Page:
Furthermore, only such broad and deep coalition will give us the insight and depth of perspective we need to create truly workable solutions. When people are left out of shaping the solutions to the problems they face, the solutions fail. To make a new food system we need everyone at the table.

Sustainability without justice… isn’t

There is good reason to doubt that a food system that is environmentally righteous but unjust could be anything more than a passing fantasy. The most ecologically elegant food system food system that leaves people out is just creating the building blocks for a new round of environmental harm. What are those building blocks? I’ll give some examples below, and follow each with a question that invites us to imagine an alternative—to imagine the consequences of not leaving anyone out.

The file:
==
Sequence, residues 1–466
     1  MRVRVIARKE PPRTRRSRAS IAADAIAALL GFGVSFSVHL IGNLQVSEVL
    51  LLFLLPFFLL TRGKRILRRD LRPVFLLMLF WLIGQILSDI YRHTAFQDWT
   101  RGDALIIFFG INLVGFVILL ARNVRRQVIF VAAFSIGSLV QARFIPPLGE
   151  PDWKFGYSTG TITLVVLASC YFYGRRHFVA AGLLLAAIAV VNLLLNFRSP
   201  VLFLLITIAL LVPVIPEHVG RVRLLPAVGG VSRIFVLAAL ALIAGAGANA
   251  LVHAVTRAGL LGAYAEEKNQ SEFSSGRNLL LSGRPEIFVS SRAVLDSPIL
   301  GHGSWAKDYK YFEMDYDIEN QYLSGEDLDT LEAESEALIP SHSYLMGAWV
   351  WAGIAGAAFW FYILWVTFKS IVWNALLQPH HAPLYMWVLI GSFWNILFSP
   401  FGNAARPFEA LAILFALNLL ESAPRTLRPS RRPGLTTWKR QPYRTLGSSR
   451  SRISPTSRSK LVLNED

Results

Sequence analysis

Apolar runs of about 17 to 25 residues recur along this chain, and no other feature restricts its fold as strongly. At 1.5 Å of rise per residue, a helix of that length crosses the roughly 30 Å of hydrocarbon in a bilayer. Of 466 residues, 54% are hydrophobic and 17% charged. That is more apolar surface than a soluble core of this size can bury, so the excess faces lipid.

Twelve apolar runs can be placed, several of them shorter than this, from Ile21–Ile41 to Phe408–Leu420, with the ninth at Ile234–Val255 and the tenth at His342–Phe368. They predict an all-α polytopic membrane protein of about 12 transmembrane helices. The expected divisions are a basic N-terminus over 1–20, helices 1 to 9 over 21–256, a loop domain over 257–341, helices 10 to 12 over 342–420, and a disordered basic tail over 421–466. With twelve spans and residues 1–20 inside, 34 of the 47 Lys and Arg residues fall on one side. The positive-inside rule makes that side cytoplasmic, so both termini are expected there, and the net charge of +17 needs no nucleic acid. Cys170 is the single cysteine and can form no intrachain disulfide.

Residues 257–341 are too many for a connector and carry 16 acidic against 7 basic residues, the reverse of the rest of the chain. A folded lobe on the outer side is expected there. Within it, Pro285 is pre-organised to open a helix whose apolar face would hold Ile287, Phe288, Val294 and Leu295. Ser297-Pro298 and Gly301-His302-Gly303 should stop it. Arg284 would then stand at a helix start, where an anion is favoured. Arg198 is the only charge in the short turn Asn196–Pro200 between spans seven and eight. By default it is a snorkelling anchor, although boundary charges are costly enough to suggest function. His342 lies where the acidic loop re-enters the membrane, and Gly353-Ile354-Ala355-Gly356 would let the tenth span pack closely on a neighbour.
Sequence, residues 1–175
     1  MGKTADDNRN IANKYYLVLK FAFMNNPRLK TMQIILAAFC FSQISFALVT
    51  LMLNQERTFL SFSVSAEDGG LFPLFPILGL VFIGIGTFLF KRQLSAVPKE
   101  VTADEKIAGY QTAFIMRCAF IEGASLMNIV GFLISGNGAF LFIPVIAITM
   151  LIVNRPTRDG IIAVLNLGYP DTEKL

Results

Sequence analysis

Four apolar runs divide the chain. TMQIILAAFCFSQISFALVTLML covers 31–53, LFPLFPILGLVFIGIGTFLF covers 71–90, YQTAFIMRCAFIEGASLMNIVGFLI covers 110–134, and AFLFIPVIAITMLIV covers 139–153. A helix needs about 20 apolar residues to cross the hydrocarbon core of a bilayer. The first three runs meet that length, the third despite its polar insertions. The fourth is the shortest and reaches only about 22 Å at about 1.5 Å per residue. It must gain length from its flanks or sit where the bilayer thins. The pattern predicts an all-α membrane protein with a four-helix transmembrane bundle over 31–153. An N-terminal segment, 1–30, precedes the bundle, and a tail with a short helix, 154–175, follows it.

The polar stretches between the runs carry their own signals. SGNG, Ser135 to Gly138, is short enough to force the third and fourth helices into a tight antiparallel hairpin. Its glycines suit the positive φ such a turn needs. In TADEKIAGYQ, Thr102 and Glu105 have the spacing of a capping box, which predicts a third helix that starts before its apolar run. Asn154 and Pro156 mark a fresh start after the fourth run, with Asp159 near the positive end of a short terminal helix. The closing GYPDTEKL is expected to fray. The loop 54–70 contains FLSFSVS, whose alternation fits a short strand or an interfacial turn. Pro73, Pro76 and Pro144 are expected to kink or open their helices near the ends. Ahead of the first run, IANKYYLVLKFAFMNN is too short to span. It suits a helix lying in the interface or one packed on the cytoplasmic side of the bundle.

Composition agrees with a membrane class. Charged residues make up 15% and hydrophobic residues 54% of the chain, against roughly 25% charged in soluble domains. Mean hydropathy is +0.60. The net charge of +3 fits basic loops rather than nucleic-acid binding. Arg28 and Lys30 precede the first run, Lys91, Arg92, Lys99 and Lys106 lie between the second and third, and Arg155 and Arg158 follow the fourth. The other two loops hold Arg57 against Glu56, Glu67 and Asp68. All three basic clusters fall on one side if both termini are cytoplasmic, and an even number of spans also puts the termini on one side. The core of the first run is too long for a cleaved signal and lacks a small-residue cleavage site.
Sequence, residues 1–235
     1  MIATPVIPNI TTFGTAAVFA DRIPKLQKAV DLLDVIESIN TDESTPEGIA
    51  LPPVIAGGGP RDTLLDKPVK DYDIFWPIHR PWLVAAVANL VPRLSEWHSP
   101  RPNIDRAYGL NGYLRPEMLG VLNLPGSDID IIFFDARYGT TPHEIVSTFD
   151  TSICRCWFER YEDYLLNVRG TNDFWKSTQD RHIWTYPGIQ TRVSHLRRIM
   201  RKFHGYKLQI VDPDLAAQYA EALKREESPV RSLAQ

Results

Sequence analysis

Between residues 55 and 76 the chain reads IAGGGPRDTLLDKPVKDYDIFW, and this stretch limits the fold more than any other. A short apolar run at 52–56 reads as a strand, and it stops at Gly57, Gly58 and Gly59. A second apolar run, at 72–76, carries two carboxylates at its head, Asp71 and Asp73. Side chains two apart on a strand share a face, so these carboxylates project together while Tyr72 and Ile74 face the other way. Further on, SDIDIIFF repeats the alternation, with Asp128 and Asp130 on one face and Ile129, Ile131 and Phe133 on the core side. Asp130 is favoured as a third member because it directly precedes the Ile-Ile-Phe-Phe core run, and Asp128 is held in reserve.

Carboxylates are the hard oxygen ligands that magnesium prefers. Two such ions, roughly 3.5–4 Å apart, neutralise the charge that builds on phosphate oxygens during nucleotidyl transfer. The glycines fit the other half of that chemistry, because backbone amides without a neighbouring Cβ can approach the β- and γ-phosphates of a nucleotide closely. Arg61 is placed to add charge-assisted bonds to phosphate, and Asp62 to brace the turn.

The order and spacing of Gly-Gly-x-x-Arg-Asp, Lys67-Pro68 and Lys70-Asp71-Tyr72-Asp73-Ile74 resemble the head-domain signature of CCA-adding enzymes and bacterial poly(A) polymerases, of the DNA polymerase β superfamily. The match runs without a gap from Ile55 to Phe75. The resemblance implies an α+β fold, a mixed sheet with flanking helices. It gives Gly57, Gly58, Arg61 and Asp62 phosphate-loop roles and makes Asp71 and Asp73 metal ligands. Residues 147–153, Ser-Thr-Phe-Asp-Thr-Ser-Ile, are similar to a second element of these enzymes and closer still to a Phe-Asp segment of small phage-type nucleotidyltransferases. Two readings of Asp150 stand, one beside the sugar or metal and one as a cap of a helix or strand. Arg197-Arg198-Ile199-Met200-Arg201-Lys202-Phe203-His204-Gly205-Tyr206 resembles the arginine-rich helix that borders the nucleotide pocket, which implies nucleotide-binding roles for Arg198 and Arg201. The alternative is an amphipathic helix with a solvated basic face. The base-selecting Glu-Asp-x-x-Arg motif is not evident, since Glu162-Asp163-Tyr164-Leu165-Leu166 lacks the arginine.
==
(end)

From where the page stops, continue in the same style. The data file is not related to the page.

• Workers who have no choice but to sell their labor to destructive and extractive industries.

What would farming look like if every farmworker had alternatives, and the political capital to refuse to be exposed to dangerous pesticides?

  • Customers who have no options but to buy the cheapest food.

What would happen to the market for unhealthy processed foods if everyone had access to fresh and healthy whole foods, throughout their lives?

  • Communities who can’t defend themselves against the toxic byproducts and other consequences of industrial agriculture.

How could polluting industries continue if they had nowhere to pollute—i.e. if every community had the clout to refuse and reject the byproducts of those industries? 

  • Farmers who can’t afford to stay on their land.